Legendary watchmaker and founder of Swiss watchmaker company PATEK PHILIPPE & Co, probably the most famouse Swiss watchmaker company. So far the most expensive watch all over the world was Patek watch from year 1933, which was sold for 11 millions $.
 
Antoni Patek was a Polish soldier who fought in described in my earlier posts November Uprising or Polish - Russian war 1830-1831. He served in cavalry, was twice wounded, promoted to the rank of lieutnant, decorated with the highest Polish military order - Virtuti Militari cross.
 
Like many Poles who took part in the war against Russia, to avoid being sent to Siberia or imprisoned he had to emigrate abroad. Finally he settled in Geneva, Switzerland. First he started new company with another Polish watchmaker - Franciszek Czapek, later after they felt in conflict he founded together with Adrien Philippe - French watchmaker - the famouse Patek Philippe & Co. He achieved succes during his life, his watches were used by the Pope and by queen Victoria. He was also granted the title of "count" by Pope Pius IX.
 
 
 
1st March 1810 - Fryderyk Franciszek Chopin was born
 
  
Another famous Polish emigrant. He was a great composer and pianist, one of the great masters of romantic music. He was abroad during the Polish-Russian war 1830-1831 (also called November Uprising which I have described in my previous posts) and did not come back to Poland after defeat. Like many Poles he stayed in France. The hate of Russians towards him was so great that in 1863 during the next Polish anti-Russian uprising, Russian troops threw Chopin's piano out of a second - story apartament.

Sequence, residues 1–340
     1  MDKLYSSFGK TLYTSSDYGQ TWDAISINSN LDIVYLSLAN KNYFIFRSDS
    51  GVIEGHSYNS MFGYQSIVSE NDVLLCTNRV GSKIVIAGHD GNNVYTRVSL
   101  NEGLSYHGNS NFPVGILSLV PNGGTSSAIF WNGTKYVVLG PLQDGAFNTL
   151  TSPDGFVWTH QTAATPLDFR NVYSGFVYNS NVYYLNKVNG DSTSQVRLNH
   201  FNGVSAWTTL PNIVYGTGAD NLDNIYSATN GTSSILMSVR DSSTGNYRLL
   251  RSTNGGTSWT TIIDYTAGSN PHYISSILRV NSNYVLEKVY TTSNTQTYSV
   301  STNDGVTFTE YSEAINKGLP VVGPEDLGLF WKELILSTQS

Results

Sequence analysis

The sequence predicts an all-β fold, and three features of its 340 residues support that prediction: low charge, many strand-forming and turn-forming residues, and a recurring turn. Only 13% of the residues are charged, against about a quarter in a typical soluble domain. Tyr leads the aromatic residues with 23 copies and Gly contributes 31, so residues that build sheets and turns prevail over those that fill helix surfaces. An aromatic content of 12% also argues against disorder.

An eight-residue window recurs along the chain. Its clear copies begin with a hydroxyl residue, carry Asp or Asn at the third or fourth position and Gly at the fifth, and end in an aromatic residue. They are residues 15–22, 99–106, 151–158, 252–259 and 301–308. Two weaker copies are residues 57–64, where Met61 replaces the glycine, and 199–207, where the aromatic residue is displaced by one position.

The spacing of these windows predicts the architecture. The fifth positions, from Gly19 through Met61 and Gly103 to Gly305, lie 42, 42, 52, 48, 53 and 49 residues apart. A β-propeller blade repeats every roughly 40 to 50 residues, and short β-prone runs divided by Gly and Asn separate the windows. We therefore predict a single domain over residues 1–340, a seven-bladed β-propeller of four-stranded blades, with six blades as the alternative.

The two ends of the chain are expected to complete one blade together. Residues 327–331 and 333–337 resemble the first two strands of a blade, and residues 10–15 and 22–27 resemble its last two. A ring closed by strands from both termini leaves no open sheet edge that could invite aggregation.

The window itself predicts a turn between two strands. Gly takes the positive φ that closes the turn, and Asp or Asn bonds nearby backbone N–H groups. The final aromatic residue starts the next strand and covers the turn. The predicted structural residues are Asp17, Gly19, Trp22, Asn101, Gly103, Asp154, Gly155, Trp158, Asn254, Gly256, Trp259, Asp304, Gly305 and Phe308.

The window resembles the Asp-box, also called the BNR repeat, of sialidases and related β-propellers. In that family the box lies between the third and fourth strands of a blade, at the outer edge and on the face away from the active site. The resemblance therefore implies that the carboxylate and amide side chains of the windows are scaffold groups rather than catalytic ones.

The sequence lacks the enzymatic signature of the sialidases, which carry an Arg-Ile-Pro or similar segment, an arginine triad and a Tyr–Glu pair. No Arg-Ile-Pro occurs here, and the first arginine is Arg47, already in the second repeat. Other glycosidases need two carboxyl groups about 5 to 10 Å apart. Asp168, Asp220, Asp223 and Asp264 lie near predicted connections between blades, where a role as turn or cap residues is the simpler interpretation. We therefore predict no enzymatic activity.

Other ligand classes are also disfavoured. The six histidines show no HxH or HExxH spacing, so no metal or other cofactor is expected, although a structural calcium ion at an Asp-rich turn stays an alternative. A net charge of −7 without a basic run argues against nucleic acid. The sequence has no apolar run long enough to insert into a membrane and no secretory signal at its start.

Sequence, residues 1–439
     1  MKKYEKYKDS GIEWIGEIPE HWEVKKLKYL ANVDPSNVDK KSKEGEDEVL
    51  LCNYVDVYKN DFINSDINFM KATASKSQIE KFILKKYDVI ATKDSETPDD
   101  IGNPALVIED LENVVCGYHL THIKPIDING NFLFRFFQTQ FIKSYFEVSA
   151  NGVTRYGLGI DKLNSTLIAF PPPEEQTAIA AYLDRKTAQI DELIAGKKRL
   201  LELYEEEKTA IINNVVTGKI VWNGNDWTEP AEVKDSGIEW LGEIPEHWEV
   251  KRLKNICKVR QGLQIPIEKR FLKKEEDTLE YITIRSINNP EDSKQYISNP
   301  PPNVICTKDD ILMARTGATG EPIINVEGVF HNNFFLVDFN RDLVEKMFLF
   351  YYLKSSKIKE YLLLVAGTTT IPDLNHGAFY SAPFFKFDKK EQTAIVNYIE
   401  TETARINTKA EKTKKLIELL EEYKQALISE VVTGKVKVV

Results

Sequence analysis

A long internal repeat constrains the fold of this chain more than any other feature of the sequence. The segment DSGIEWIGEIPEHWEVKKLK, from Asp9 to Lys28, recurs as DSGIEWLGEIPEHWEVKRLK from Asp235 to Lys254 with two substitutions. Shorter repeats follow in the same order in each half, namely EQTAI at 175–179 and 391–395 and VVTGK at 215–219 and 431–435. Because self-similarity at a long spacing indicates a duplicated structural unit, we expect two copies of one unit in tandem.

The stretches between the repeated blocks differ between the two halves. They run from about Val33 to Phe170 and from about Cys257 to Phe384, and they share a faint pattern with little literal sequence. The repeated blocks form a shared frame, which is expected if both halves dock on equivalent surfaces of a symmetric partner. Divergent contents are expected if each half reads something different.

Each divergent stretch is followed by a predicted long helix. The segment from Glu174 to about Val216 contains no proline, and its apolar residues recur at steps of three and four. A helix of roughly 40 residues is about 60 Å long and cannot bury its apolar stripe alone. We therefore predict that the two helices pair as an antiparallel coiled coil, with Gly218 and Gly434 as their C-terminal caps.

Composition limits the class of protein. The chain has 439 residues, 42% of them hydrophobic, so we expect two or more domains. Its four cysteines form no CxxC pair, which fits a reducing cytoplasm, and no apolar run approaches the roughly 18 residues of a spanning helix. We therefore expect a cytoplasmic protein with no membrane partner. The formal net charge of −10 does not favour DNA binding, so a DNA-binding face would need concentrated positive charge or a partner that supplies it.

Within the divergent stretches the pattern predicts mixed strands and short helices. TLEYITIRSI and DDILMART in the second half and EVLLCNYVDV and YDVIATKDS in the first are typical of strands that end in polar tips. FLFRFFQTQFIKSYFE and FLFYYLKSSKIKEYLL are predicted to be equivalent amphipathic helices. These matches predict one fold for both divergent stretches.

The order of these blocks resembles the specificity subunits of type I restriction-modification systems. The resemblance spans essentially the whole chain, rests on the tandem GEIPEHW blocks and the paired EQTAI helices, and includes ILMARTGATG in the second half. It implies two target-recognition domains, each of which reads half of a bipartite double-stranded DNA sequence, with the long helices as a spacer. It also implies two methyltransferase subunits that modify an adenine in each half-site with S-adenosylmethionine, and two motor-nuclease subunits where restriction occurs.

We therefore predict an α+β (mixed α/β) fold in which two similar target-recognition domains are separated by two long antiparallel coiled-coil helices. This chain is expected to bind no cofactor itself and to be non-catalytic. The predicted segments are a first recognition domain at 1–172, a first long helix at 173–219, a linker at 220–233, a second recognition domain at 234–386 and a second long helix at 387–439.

Edited by Mosquito - 28-Feb-2011 at 18:31
"I am a pure-blooded Polish nobleman, without a single drop of bad blood, certainly not German blood" - Friedrich Nietzsche
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  Quote Mosquito Quote  Post ReplyReply Direct Link To This Post Posted: 05-Mar-2011 at 17:54